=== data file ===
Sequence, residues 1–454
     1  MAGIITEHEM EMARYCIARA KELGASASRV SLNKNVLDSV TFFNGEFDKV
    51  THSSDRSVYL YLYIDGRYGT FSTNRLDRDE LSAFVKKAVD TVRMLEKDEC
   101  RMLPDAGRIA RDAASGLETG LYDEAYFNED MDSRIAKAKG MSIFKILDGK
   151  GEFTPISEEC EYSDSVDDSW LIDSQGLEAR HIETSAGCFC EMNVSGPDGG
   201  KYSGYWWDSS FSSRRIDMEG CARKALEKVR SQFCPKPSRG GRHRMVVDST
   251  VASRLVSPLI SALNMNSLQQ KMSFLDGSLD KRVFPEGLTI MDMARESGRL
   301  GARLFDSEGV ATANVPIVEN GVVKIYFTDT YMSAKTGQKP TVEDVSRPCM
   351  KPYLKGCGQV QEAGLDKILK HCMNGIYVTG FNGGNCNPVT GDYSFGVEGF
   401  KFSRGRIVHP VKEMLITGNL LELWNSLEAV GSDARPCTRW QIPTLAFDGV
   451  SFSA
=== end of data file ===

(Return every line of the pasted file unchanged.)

Sequence, residues 1–454
     1  MAGIITEHEM EMARYCIARA KELGASASRV SLNKNVLDSV TFFNGEFDKV
    51  THSSDRSVYL YLYIDGRYGT FSTNRLDRDE LSAFVKKAVD TVRMLEKDEC
   101  RMLPDAGRIA RDAASGLETG LYDEAYFNED MDSRIAKAKG MSIFKILDGK
   151  GEFTPISEEC EYSDSVDDSW LIDSQGLEAR HIETSAGCFC EMNVSGPDGG
   201  KYSGYWWDSS FSSRRIDMEG CARKALEKVR SQFCPKPSRG GRHRMVVDST
   251  VASRLVSPLI SALNMNSLQQ KMSFLDGSLD KRVFPEGLTI MDMARESGRL
   301  GARLFDSEGV ATANVPIVEN GVVKIYFTDT YMSAKTGQKP TVEDVSRPCM
   351  KPYLKGCGQV QEAGLDKILK HCMNGIYVTG FNGGNCNPVT GDYSFGVEGF
   401  KFSRGRIVHP VKEMLITGNL LELWNSLEAV GSDARPCTRW QIPTLAFDGV
   451  SFSA